You Should Be Experimenting With Your Hot Pot Sauce

As Magatu would say, interactive eating is so hot right now. Perhaps that's why it seems like droves of diners around the globe have been flooding hot pot restaurants, hoping to try their hand at boiling raw foods in artfully flavored broths. Or maybe they heard about the cornucopia of condiments just waiting to be combined to form the ultimate hot pot dipping sauce.

Born in China over 1,000 years ago, hot pot is the communal eating experience that centers around a cauldron of rolling broth, into which chunks of raw meat, fish, vegetables, and noodles are plopped and cooked to perfection. The entire experience is customizable, from the flavor of your broth and the accouterments you throw into it, to the sauces you dunk the goods into.

With a wide selection of broths ranging from mild to burn-your-face-off spicy, traditionally the broths have acted as the main source of seasoning when cooking with hot pot. However, in recent years, many hot pot restaurants have begun offering buffet-style condiment bars, allowing diners to get creative and hopefully make the dipping sauce of their dreams.

Crafting the perfect sauce

When you first feast your eyes on one of the condiment stations at a hot pot restaurant, the abundance of options can be overwhelming. Set up similarly to a salad bar, condiment bars offer a mind-boggling array of aromatics, oils, sauces, vinegar, and seasonings ready for the taking (and mixing). With some restaurants offering upwards of 20 different ingredients, there's sure to be a combination to suit any taste preference. But where to start?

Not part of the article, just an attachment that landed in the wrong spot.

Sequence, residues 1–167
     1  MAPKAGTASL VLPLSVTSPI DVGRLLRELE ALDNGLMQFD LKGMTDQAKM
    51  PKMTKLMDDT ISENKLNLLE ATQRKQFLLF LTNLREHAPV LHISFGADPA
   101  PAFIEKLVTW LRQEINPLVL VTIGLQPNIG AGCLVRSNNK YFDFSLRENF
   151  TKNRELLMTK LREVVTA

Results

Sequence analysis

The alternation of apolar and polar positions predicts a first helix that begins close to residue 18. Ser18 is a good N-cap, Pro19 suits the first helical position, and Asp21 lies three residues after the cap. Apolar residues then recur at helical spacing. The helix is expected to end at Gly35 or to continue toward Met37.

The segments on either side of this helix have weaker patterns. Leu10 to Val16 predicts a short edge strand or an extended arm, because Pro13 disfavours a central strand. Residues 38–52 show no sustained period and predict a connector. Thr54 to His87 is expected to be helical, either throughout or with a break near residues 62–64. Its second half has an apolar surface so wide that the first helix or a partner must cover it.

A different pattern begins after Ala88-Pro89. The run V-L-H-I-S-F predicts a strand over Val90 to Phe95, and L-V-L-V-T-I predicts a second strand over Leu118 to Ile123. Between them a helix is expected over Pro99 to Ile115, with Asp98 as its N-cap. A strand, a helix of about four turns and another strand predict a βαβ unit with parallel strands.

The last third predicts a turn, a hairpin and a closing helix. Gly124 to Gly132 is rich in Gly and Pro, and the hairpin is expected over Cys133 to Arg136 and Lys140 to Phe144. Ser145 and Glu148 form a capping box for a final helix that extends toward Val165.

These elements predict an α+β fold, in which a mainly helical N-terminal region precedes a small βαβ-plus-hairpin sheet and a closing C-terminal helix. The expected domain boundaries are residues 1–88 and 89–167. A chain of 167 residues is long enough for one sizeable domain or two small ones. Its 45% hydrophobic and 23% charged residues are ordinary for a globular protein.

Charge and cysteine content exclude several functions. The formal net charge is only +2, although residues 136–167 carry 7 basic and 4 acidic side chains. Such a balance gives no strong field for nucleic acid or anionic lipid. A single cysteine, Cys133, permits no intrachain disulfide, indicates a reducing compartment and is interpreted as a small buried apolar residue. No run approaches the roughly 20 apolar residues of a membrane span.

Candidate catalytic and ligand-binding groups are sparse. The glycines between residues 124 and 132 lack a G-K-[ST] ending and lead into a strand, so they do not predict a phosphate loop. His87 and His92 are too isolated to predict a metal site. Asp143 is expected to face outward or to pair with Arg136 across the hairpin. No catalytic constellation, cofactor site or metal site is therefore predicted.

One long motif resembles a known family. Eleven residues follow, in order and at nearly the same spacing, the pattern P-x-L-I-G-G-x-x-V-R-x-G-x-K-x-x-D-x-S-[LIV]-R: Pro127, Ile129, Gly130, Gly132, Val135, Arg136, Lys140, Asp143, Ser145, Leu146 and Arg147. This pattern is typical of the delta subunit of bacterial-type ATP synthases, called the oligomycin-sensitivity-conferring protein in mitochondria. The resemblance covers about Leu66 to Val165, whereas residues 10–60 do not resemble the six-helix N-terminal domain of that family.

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♬ out the way – sped up – INDRAGERSN

In a viral TikTok, one Mongolian-style hot pot restaurant claims to have found a "god tier" combination that includes sesame paste, a splash of soy sauce, two heaping spoonfuls of minced garlic, chopped green onion, fresh cilantro, a touch of chili oil, and a dollop of oyster sauce to round it out with a bit of sweetness.

While there are no rules when it comes to crafting the perfect hot pot dipping sauce, they often start with a thick base, provided by sesame paste or sacha sauce — a Chinese BBQ sauce flavored with fish and spices. Next, you'll want to add flavoring sauces, like soy sauce, hoisin, oyster sauce, sriracha, or fish sauce. Oils and different kinds of vinegar, such as sesame oil, chili oil, black vinegar, and rice vinegar, can be added as further flavoring agents. Fresh ingredients like minced garlic, cilantro, scallions, and green chilis, as well as chopped peanuts and toasted sesame seeds, can also be thrown in the mix to provide a fresher flavor and a bit of texture.